I only just told you about the snacks at our last party, but we’re already menu-planning for the next. This one is in honor of the birth of a certain Libra you all know: my sister! To celebrate, we decided to channel our mom—an excellent themed-party-thrower if ever there was one—and make a piñata.
Newspaper is gluten-free and also, unlike most printed products, often vegan.
There was a brief moment when we thought it wouldn’t work: paper mâché is made using flour, and our home is a flour-free zone. I’m also extremely averse to touching anything with gluten in it, inside the house or out. And our piñata dreams were not worth breaking out the sorghum flour.
Fortunately, cornstarch seems to do the trick. I don’t want to speak too soon—the piñata is still hanging in our kitchen to let the first layer dry, where I risk puncturing it prematurely every morning when I forget it’s there and headbutt it in the dark; and we haven’t yet decorated—but so far, so good.
Making the piñata got me thinking about other classic party games that could be made gluten-free. I know by now you’ve all tried Celiac Sorry!, but if you’re itching for more, here it is.
Which sounds like the most fun to you?
The classic ice breaker. In this version, players must line up in order of their date of diagnosis without communicating out loud. This makes the hierarchy clear early in the party.
One player is anointed Simon and calls out commands to the other players. If the command is prefaced with “Simon says,” players must do it. If not, players must not. Disobeying, whether on purpose or by accident, is grounds for dismissal. Nice Simons do not make commands starting with “Simon says” that end in “Eat a pizza.” Mean Simons do.
What we’d all like to do to everyone who glutens us.
Photo © amanky | Flickr
Duck, duck, gluten
All players sit in a circle except for one, who walks around tapping people on the heads one at a time saying, “Duck…duck…” until bored. Then he or she whacks a random person on the head hard enough to daze the seated player and yells “GLUTEN!”
This person, now “the Glutened,” must clamber up and chase the original player around the circle as the remaining players still sitting, do their best to trip the unlucky Glutened—simulating the action of our immune antibodies after we ingest gluten.
If the Glutened catches the Glutener before the Glutener can sit in the Glutened’s original spot, the Glutened wins, and has a full recovery. But otherwise, the Glutened is so consumed by gluten that he/she becomes the new Glutener, spitefully paying it forward to another poor duck. (Two things: 1) that’s not really how it works. 2) Ducks with celiac disease would be sad. They’d miss out on all the bread crumbs.)
Pin the villus on the intestinal lining
If you misplace the villus under the intestinal lining, then your villus is blunted. You lose.
Hide and sleep
Besides one, all players find cozy hiding spots. Being typically fatigued, they take the respite from socializing as an opportunity to catch some Zs. The remaining player tries to find them until brainfog sets in, then wanders off in search of gluten-free cake.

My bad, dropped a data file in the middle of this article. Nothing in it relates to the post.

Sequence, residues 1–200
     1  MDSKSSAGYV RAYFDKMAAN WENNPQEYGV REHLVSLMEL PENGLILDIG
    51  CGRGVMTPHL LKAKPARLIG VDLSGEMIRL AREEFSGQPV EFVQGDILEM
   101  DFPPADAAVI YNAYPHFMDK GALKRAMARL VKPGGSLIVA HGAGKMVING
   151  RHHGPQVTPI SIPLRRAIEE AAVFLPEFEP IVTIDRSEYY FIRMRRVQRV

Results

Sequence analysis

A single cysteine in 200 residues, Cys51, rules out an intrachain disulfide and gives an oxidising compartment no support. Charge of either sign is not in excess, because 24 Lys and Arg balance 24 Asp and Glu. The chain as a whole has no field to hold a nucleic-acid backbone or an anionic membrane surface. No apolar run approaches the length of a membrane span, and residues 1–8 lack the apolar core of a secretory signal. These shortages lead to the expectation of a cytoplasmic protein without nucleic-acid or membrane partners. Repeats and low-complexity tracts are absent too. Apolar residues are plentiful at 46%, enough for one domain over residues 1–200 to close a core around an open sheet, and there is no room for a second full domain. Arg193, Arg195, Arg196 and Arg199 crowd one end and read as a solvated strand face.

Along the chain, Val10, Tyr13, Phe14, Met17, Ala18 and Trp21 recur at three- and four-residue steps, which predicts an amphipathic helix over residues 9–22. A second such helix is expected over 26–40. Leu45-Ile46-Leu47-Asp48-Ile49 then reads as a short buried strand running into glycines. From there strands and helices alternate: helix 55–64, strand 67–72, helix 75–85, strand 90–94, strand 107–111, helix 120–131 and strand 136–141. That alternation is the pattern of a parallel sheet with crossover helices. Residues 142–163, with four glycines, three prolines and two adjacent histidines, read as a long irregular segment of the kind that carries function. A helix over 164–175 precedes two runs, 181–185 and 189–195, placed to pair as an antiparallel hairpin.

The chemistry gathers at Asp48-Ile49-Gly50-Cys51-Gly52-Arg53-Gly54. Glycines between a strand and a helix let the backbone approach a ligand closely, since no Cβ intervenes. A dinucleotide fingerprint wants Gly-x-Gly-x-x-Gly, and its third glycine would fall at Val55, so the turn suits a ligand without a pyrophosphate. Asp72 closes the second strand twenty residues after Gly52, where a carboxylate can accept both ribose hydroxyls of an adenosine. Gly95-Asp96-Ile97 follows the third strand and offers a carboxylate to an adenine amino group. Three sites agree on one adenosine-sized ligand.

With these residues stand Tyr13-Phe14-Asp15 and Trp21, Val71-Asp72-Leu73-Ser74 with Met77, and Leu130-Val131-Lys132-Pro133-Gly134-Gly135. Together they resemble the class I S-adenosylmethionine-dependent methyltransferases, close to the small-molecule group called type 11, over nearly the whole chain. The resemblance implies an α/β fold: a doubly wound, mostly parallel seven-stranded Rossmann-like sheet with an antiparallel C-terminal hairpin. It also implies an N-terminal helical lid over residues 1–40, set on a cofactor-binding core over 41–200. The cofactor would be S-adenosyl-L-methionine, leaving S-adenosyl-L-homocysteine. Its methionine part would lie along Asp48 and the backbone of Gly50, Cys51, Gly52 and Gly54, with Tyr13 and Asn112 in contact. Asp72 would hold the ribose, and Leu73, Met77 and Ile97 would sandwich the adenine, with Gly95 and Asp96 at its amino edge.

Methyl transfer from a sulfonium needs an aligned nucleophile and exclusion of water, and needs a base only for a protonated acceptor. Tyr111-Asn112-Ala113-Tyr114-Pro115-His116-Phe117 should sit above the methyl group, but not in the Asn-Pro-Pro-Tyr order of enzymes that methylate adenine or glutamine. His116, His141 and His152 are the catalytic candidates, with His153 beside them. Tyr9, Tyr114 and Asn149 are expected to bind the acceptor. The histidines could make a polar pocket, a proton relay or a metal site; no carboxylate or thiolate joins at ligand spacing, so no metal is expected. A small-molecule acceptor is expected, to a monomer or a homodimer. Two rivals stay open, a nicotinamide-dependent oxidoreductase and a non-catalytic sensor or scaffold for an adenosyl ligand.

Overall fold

Everyone is given a list and set loose in a grocery store to find items such as “gluten-free sourdough pretzels” and “gluten-free filo dough.” They emerge hours later, groggy and miserable, having not found any of the items and cursing whoever wrote that stupid list. To lift their spirits, they binge on gluten-free cake.
Like rock-paper-scissors. Gluten flattens villus; villus starves celiac; celiac eliminates gluten.
Bobbing for apples
It’s like the traditional version, except no one trusts the gluten-freedom of the other players’ mouths enough to stick their own face into a shared bucket of water. Everyone stands around looking at the apples for a while, then wanders off to find gluten-free cake.
Donuts on a string
Forget it. GF donuts are too expensive to drop half of them on the ground.
The flour game
I discovered this on a UK “traditional party games” site, and it is so not gluten-free. I quote:
“Firstly you need to make the ‘flour cake’ by tightly compacting flour into a medium sized mixing bowl. Then turn this out on to a board and top with a large chunk of Mars bar. Each child takes it in turns to slice away sections of the flour cake ensuring the chunk of chocolate remains at the top. The child who eventually topples the chocolate from the top has to find it with their teeth.”
Basically, it’s Jenga, gone oh-so-wrong (especially in an age of increased allergies!).
And there you go! With the exception of that last one—unless you substitute cornstarch—you’re ready for your next celiac-themed birthday party.
As for us? No, we probably won’t play these, and our theme isn’t really “gluten-free.” But the food, drinks, piñata, and candy will be gluten-free (and nut-free!), and those in search of gluten-free cake will not be disappointed. Cross your fingers for us that the piñata actually breaks.
What’s your favorite party or parlor game? Do you prefer parties with or without themes? Have you ever made a piñata, and what candy did you fill it with? (P.S. Are we too old for piñatas?)